We live in the age of the self-image. Phone cameras mean that more or less everyone has the means of taking photographs at any time, anywhere. The rise of the selfie and social media has allowed people in love with themselves to ensure that hundreds, if not thousands, of images now exist of some people – and even the less egocentric will probably have had their lives chronicled from birth by the camera.
Back in the late 19th century, things were rather different. Photography was expensive, time-consuming at involved bulky equipment. Many people would never be photographed at all, and if they were, it might only be once. And that one time might be a post-mortem photograph.
When a loved-one dies, it seems natural that the remaining family might want to look back on photographs of that person as a reminder and keepsake of their life. And if they’ve never been photographed while alive, why let that get in the way? As bizarre as it seems now, it was not especially unusual for family members to pose alongside the recently deceased for what would now be seen as a ghoulish snapshot (and possibly involve an investigation by the authorities, although the practice still exists to a degree, with mothers posing for photographs with stillborn babies). Naturally, this only worked if the dead family member was relatively well-preserved and undamaged. The corpse would usually be posed in a natural manner – while some post-mortem photographs include the coffin and others do little do disguise the fact that the subject is dead, most aim to create the illusion of the deceased still being alive – after all, these images were supposed to be a memory of the living person, not a reminder of their death. What’s perhaps most disturbing about these images when seen now is just how many feature children.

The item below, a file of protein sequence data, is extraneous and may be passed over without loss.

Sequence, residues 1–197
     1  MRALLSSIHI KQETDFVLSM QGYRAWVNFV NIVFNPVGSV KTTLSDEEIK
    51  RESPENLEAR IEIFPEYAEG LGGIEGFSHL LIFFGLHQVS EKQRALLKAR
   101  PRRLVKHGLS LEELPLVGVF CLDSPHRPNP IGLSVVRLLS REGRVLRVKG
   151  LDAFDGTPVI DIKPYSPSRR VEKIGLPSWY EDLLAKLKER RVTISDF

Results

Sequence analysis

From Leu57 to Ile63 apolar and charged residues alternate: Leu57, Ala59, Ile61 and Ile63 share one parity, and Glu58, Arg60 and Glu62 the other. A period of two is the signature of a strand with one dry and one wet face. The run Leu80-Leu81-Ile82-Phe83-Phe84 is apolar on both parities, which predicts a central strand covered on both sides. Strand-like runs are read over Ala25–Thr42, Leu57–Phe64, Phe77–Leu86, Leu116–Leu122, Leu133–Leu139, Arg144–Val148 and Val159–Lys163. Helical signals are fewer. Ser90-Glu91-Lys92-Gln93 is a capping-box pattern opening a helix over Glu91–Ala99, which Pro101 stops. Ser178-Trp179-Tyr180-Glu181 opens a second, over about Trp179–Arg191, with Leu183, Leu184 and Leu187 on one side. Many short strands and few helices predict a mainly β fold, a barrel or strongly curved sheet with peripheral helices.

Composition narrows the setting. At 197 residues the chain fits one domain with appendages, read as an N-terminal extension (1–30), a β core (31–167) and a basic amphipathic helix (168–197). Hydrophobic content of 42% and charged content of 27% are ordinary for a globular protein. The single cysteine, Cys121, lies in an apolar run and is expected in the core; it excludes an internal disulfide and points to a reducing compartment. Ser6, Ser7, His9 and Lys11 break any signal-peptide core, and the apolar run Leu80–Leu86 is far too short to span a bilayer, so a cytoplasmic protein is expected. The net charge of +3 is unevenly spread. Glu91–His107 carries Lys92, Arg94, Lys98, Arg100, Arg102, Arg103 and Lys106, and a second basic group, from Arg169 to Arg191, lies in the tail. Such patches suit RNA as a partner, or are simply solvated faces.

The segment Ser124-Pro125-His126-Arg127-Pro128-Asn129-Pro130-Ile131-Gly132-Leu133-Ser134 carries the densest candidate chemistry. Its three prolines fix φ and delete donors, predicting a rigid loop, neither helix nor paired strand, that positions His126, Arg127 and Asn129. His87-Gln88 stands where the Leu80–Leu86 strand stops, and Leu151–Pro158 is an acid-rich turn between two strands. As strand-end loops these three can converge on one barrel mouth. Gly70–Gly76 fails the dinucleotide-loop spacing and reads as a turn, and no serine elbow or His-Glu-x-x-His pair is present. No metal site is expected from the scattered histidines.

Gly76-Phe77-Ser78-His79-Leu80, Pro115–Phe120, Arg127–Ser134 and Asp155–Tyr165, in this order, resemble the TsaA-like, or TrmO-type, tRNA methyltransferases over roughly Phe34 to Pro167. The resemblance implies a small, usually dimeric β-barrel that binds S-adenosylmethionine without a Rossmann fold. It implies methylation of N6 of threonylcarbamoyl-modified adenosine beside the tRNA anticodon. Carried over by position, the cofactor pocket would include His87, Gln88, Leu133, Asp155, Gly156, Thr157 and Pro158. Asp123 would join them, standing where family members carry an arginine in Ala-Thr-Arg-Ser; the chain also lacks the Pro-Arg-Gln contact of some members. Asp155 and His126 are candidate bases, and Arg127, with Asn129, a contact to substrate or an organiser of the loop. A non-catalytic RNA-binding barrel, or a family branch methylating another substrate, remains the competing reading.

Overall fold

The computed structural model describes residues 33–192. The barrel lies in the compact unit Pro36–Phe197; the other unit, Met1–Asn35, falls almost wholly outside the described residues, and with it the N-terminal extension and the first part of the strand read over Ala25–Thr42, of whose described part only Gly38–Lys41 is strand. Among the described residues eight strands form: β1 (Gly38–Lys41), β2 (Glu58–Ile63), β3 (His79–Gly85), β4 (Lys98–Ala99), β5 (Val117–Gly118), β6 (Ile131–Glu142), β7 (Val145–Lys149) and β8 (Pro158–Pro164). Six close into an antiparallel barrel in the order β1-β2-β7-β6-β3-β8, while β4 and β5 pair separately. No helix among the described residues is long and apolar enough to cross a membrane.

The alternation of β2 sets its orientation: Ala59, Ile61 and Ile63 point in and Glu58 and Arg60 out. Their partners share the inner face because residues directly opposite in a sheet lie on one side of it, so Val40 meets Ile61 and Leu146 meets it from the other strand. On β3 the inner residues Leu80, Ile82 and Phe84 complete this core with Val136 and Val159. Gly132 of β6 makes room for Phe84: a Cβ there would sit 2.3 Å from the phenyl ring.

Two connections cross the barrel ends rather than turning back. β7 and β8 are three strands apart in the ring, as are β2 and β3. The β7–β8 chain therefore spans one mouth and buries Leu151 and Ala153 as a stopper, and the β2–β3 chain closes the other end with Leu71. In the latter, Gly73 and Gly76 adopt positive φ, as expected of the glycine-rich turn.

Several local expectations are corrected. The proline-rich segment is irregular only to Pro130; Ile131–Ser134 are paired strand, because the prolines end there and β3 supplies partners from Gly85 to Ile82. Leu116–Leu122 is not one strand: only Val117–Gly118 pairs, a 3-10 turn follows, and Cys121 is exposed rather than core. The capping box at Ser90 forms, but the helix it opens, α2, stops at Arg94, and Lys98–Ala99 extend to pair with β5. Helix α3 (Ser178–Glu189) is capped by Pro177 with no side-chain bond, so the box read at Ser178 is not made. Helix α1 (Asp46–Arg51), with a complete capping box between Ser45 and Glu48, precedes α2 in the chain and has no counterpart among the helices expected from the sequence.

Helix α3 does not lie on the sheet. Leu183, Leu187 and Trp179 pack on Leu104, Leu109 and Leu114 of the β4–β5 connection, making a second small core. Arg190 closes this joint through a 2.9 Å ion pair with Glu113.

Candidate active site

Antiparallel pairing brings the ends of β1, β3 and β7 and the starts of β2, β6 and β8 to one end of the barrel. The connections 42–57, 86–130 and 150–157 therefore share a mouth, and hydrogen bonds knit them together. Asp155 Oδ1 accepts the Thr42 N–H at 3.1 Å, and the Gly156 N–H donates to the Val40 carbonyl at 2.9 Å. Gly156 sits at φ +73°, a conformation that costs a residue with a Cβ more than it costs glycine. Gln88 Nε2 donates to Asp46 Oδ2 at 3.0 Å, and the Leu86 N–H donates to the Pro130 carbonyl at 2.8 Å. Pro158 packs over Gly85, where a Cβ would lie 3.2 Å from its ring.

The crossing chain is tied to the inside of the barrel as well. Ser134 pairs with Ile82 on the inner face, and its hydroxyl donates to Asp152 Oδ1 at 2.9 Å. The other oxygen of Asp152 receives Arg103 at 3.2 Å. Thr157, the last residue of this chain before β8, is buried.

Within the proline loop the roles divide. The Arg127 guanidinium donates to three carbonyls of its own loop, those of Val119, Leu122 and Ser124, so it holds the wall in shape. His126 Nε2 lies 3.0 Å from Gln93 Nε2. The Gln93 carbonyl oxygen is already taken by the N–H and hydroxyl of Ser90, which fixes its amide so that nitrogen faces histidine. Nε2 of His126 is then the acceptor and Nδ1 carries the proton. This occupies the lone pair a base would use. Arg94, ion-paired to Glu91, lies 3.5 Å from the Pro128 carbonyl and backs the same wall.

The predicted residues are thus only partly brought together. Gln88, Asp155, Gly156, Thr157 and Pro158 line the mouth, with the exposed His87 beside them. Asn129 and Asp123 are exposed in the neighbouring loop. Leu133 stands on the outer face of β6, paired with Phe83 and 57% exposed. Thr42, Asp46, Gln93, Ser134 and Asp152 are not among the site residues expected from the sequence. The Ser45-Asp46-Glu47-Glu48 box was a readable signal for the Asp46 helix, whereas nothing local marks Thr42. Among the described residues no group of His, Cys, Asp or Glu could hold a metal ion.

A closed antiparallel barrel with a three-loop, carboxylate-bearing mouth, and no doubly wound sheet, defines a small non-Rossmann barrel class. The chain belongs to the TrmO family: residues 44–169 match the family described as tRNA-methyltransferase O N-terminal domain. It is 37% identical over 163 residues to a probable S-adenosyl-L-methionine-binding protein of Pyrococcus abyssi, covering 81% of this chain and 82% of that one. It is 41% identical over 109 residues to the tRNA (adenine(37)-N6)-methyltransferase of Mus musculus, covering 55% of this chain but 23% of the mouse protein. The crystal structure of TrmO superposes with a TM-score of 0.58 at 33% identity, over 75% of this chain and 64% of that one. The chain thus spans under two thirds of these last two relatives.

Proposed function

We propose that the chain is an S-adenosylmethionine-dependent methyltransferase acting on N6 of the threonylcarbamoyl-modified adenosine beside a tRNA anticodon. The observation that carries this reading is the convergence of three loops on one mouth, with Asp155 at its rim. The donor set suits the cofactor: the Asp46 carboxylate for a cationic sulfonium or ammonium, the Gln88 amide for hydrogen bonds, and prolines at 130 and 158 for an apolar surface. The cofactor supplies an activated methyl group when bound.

The popularity of these photographs declined as cameras became smaller, cheaper and easier to use, allowing people to take their own photographs of living loved ones. Selfie culture and attention hungry social media types might yet bring it back – after all, if you are chronicling every aspect of your life, why wouldn’t death be a part of it?
To complicate things for the connoisseur of the macabre, the long exposure times involved in Victorian photography means that many of the subjects look unnaturally stiff, and so it sometimes becomes hard to differentiate between a corpse and someone who has simply been standing very still for a long time. But there are many undoubted post-mortem photographs out there to be amazed by. Here are just a few.